PERU: New Salesian Oratory Opens its Doors to 300 Youth and Families in Poverty
(MissionNewswire) Salesian missionaries in Peru recently opened a new oratory for more than 300 young children, older youth and mothers from the city of Cusco, a city in the Peruvian Andes, and the surrounding area. The oratory was inaugurated at the Salesian College in Cusco and will provide education and social development services for youth and their families living in poverty in the region.
Home to a wealth of history, stunning architecture and Machu Picchu (one of the Seven Wonders of the World), Cusco and the surrounding area is a popular tourist destination. Close to 1.3 million people reside there locally with almost 25 percent of its population under the age of 15. Salesian missionaries are very active in the region through schools, missions, shelters, a nursing home and oratories. The newly established oratory will allow the missionaries to meet the needs of more youth and families in need.
“Salesian missionaries working in Peru have provided life-saving support and education to poor youth and their families through the years,” says Father Julio Acurio Yupanqui, Salesian youth director at the new oratory. “Salesian programs in the country focus on education and workforce development, helping to ensure that young Peruvians have access to the education and technical skills training that will enable them to find and retain long-term stable employment.”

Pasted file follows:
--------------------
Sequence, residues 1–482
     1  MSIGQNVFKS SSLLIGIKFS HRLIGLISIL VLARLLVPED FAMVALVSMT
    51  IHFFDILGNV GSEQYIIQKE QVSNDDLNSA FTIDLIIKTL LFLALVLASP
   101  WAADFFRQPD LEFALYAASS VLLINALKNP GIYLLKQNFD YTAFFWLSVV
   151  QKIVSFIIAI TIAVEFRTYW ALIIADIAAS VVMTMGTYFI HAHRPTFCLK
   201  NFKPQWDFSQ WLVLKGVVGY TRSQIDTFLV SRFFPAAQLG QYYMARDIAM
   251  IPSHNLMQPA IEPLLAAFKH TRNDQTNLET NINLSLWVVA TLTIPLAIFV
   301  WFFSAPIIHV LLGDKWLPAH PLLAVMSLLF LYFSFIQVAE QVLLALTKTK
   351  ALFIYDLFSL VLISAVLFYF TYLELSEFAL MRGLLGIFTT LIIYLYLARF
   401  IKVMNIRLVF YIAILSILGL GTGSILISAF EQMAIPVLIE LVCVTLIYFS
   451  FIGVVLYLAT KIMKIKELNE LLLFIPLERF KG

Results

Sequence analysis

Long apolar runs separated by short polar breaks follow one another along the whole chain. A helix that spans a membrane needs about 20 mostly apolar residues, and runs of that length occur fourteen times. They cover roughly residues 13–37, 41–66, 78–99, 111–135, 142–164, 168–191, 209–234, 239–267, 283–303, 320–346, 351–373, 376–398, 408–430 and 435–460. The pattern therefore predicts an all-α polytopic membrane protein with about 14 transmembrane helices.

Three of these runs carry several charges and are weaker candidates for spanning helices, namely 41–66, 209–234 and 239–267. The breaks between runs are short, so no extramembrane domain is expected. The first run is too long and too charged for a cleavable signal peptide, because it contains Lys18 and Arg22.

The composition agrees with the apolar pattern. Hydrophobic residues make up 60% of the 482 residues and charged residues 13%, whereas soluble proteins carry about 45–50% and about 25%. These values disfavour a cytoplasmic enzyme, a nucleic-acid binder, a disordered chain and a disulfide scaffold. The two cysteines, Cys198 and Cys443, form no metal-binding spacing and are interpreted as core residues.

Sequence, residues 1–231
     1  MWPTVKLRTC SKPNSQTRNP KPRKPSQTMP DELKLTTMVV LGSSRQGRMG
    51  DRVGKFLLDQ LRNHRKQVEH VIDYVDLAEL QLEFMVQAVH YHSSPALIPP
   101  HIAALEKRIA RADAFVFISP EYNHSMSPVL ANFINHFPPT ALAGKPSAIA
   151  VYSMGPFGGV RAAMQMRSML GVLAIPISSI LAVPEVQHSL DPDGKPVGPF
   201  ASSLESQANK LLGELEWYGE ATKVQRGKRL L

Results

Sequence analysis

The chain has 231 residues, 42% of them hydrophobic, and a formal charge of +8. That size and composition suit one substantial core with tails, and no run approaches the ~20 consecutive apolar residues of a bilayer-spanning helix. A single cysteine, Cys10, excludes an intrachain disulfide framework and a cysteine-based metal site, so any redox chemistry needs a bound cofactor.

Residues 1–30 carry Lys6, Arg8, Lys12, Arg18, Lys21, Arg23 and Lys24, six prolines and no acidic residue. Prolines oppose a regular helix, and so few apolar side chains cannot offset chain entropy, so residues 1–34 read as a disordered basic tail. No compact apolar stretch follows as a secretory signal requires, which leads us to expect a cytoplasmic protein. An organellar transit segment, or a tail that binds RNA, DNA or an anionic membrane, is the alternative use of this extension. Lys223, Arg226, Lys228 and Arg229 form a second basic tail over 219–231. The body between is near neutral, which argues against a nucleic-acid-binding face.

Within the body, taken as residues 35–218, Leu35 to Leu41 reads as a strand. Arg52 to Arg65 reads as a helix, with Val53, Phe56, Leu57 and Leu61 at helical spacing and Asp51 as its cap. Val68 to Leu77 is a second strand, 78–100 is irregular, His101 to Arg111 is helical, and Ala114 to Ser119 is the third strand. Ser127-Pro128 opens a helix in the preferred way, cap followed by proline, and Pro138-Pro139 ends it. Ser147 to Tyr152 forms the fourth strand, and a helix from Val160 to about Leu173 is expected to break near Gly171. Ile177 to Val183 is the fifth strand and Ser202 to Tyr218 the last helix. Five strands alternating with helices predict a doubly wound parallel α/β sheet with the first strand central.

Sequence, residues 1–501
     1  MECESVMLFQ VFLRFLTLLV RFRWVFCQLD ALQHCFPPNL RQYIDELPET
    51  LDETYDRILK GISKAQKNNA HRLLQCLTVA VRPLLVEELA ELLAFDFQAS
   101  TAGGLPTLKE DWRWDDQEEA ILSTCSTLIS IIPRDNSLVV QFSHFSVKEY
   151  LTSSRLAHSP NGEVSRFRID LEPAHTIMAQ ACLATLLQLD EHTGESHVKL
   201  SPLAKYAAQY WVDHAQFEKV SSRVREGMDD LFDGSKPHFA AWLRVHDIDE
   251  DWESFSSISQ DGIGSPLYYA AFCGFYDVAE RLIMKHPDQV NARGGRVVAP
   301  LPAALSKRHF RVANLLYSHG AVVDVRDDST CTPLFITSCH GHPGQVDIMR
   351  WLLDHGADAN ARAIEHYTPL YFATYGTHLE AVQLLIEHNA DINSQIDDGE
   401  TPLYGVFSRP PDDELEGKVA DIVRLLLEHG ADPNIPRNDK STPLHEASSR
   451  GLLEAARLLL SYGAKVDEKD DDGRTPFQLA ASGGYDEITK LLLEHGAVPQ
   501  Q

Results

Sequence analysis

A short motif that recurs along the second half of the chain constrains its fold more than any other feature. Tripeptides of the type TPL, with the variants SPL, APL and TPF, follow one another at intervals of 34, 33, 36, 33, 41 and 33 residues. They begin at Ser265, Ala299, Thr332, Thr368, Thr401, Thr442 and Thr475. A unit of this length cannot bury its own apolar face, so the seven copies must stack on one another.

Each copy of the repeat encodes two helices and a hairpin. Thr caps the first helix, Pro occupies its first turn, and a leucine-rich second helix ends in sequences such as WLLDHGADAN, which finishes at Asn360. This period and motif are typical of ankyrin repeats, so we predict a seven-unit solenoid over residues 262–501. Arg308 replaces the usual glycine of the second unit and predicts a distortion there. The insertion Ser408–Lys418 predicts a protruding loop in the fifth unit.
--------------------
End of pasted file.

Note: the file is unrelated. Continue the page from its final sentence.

This region of Peru is also home to a successful Salesian agriculture program. Although the area is difficult to access, coffee, cocoa and coca are cultivated in the Yanatile valley and the nearby basin of the river Lacco. The Salesian mission in Quebrada Honda is made up of the parish of Mary Help of Christians and the Experimental School for Agriculture and Livestock which educates more than 160 students, nearly half of whom board at the school.
The goal of the school is to provide young farmers with a basic education as well as advanced studies in the latest agricultural practices and modern technologies while moving towards efficiency in farming by exploring and testing new techniques in agriculture, horticulture, floriculture and animal husbandry. The school provides both classroom education and hands-on agriculture and livestock training on a working farm on the school campus. Salesian missionaries at the school hope the agriculture degree program will entice more local youth to choose agriculture as their long-term livelihood.
Peru faces high levels of income inequality and has more than a quarter of its population living in poverty, according to the World Bank. Poverty levels are significantly higher in rural areas but urban areas struggle most with inequality, most notably metropolitan Lima. Poverty in the country is made worse by a shortage of productive farmland and a lack of job skills among women entering the workforce as well as a lack of adequate housing, nutrition and education.
Peru has also been plagued by hunger and disaster. According to the World Bank, close to 25 percent of children in the country are chronically malnourished. Communities continue to rebuild after an 8.0 earthquake in August 2007 which killed more than 500 people in the central coastal cities of Chincha, Pisco and Ica and injured hundreds more. The earthquake destroyed close to 60,000 residential and commercial buildings, leveled hundreds of acres of farmland and left countless Peruvians without means of livelihood.
World Bank – Peru